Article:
Florida Capitol and Mansion Commission, Amendment 9 (1976)

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The Florida Capitol and Mansion Commission Amendment, also known as Amendment 9, was a legislatively-referred constitutional amendment on the November 2, 1976 ballot in Florida, where it was defeated.

This amendment sought to add Article IV, Section 10 of the Florida Constitution to create a Capitol and Mansion Commission to establish a plan to maintain the interior of the state capitol and governor's mansion.[1]

Election results

Florida Amendment 9 (1976)
ResultVotesPercentage
Defeatedd No1,433,87869.84%
Yes 619,151 30.16%

Election results via: ICPSR

Text of measure

The language that appeared on the ballot:

Proposing an amendment to the State Constitution to authorize a capitol and mansion commission with authority to establish and maintain a plan for the furnishing, decorating, and alteration of the capitol building complex and the governor’s mansion.[2][3]

Constitutional changes

ARTICLE IV
EXECUTIVE

Section 10. Capitol and Mansion Commission. There may be created by law a capitol and mansion commission with authority to establish and maintain a basic plan or scheme for the furnishing, decorating, and alteration of the governor’s mansion and the capitol building complex, consistent with the architecture and the historic and symbolic nature of the buildings. The terms of the members shall not exceed 9 years.[2]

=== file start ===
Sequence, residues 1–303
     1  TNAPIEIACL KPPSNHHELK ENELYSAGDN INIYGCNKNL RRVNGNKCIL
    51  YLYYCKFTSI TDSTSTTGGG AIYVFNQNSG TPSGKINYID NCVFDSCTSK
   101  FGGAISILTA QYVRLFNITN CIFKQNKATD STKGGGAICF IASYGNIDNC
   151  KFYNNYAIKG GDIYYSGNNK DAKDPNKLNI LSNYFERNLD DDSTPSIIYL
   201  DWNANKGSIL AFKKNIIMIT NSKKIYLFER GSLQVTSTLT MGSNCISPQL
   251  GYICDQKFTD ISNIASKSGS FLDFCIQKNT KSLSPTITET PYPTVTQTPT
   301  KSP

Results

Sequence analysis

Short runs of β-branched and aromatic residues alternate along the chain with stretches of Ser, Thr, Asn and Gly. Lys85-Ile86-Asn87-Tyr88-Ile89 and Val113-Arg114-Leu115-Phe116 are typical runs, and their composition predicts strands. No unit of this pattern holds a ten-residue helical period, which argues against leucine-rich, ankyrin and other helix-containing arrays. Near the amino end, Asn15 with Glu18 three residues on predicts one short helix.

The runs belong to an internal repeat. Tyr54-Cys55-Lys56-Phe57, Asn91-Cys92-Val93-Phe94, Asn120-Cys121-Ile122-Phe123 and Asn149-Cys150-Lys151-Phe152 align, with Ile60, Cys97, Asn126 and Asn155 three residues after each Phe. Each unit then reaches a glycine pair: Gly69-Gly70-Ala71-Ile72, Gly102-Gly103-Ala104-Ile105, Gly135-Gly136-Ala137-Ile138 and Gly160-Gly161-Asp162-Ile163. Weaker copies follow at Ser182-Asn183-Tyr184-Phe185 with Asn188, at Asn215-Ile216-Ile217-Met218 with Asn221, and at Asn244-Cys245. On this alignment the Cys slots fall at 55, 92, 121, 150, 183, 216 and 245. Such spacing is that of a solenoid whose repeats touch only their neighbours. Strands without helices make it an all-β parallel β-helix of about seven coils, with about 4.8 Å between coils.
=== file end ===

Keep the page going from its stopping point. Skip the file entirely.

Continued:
See also

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External links

References

  1. REFERENDA AND PRIMARY ELECTION MATERIALS [Computer file]. ICPSR ed. Ann Arbor, MI: Inter-university Consortium for Political and Social Research [producer and distributor], 1995. doi:10.3886/ICPSR00006.v1
  2. 2.0 2.1 Florida Constitutional Revision Commission, "Amendments, Election of 11-2-76"
  3. Note: This text is quoted verbatim from the original source. Any inconsistencies are attributed to the original source.